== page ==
“I’ll never forget the summer of 2019. After a week’s stay in Dallas, my sisters were racing to get us to the airport. Up and down the hills, faster and faster in my sister’s little red Jetta. ‘Oh wow, I feel car sick,’ I said as I rolled down the window. ‘Are you pregnant?’ she chuckled.
We weren’t trying for another, but weren’t preventing it either. Secretly, I knew deep down in my heart our home wasn’t complete. I think it’s a mom thing. You just know.
The morning sickness came on strong. Drug store pregnancy tests and a doctor’s visit confirmed it. Baby number four was coming. It all happened so fast. My mother-in-law’s cancer came back. My husband’s mentor abruptly left the firm. Our gardener was electrocuted while cutting a tree at a neighbor’s. Our house was hit with lightning and we lost power, internet, and cable for a week. I was bedridden from hyperemesis gravidarum (extreme morning sickness), unable to eat, move, or barely function for nearly 5 weeks.
My doctor had asked me to get the NIPT test, just to err on the side of caution. I’ve had three healthy boys already, but I was 35— so let’s make sure the baby is okay. I mustered the strength to go in and do the test, really just to find out the gender early. ‘When do I get the results?’ I asked. ‘Call us in 2 weeks,’ she said. ‘We won’t call you unless there is bad news.’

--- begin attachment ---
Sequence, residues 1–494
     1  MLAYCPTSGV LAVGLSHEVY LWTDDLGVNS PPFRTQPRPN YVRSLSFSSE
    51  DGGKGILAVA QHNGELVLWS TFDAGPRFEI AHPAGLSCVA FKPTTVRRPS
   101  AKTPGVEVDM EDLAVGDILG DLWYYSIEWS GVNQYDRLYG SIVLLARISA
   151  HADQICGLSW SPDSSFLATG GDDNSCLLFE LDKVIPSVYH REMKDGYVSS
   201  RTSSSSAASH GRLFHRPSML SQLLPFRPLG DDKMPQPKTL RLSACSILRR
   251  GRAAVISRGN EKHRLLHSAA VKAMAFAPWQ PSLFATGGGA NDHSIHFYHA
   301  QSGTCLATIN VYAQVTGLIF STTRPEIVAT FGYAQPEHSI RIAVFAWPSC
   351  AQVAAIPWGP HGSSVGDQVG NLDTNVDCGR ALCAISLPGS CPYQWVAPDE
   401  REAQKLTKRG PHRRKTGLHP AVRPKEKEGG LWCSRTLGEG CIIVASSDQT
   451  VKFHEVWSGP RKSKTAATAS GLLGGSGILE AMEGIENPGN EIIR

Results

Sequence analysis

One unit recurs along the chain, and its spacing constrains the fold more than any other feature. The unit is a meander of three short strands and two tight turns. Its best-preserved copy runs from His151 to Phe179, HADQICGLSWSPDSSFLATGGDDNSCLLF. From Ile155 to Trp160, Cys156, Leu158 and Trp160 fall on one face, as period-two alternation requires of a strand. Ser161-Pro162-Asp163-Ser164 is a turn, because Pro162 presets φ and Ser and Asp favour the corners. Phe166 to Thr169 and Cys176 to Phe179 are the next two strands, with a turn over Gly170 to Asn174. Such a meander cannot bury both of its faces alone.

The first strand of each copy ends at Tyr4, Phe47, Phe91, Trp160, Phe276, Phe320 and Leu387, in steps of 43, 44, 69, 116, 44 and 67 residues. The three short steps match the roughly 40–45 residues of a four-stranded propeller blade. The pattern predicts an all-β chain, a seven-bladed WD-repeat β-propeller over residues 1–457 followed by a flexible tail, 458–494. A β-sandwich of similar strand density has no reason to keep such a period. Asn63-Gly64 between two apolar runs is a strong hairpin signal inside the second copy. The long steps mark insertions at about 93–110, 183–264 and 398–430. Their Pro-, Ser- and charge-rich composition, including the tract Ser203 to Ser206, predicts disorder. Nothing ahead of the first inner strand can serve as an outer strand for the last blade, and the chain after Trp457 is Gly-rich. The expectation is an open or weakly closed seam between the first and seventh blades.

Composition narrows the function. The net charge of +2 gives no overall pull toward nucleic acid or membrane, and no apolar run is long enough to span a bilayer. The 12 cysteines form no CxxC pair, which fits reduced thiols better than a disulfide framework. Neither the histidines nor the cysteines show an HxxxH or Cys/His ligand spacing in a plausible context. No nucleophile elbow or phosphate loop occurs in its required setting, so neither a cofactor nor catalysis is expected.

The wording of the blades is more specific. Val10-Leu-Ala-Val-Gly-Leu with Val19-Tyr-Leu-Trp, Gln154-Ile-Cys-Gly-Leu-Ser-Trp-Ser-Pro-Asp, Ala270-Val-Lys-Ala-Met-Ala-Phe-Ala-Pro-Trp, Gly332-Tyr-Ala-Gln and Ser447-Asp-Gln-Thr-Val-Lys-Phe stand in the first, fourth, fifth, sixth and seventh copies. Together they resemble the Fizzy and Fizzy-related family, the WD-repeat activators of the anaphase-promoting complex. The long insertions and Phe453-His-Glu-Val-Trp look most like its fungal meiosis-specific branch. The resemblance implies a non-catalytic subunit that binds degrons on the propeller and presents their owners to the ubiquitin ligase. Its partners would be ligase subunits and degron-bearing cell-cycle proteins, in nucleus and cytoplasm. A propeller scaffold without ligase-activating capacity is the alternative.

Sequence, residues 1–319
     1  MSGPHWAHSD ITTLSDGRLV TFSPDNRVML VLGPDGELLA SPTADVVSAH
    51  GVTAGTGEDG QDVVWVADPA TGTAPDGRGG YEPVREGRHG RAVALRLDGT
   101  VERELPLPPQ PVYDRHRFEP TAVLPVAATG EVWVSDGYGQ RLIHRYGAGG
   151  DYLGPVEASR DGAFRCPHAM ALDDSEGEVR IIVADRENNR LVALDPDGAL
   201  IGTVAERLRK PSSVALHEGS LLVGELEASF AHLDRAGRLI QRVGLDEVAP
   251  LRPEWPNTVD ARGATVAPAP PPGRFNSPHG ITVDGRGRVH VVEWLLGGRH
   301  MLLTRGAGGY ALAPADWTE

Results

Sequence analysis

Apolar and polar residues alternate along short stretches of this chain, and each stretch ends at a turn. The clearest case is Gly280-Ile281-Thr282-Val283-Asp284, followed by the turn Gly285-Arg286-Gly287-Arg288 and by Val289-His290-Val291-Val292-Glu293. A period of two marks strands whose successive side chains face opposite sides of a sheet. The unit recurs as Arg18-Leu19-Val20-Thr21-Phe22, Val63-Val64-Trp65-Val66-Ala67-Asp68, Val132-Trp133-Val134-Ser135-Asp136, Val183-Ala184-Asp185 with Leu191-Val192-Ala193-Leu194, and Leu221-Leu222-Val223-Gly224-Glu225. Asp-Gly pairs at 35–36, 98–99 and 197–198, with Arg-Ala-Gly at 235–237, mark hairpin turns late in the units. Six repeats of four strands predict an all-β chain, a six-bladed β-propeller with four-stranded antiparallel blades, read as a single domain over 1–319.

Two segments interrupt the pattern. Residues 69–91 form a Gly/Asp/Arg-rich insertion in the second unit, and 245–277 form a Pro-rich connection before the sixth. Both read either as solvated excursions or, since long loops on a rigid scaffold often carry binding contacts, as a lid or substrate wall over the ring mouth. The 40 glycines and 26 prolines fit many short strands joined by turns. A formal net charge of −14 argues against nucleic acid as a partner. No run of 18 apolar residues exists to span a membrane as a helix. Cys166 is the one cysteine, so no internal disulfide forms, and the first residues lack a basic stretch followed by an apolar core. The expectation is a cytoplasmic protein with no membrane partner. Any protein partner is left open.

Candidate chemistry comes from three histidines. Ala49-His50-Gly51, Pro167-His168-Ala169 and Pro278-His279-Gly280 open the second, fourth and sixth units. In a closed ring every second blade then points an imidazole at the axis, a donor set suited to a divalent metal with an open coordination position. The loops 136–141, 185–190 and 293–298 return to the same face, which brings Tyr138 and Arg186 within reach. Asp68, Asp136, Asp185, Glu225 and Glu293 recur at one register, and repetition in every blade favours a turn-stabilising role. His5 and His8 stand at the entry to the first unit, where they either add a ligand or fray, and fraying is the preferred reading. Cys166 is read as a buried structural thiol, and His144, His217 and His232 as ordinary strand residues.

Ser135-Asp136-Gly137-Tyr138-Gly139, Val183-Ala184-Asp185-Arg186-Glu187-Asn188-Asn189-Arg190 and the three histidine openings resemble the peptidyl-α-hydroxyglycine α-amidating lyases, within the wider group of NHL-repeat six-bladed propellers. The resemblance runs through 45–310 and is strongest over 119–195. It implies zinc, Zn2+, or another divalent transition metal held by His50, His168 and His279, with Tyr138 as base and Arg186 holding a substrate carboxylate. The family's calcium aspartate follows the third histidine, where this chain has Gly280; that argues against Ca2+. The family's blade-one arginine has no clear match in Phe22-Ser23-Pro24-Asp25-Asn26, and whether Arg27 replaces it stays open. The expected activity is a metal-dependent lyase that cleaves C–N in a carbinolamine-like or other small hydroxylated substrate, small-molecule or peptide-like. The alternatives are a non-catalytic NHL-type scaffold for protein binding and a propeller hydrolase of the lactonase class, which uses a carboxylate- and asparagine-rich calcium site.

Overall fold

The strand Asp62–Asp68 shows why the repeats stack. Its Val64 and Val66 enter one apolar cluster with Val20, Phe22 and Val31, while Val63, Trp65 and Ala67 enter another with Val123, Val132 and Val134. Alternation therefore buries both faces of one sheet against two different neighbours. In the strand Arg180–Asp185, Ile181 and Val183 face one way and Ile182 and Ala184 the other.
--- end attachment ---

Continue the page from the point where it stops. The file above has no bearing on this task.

I’ll never forget the phone ring that Monday. ‘You have an 81 % chance of having a baby with Down syndrome… Oh, and it’s a girl.’ I literally stood up and fell down to the ground. I frantically called my husband, what seemed like a million times. He always answers me. I called my mom, hysterical. I told her to come over immediately. I did something I never did: I called Davids’s office and asked them to pull him from a meeting, and they did. He came home. It was like a dark cloud loomed above my head and then pressed hard on my chest, I couldn’t move.
So much happened between that phone call and birth. I grieved the baby I thought I was going to have. I grieved the baby I thought I wanted. I felt not fit for this. I already had my hands full with three, and now a special needs child. How would I manage? Friends came over and cried with me and sat with me and prayed with me. People from all over the world were praying. I got calls and messages and stories from so many, friends of friends, friends of the family.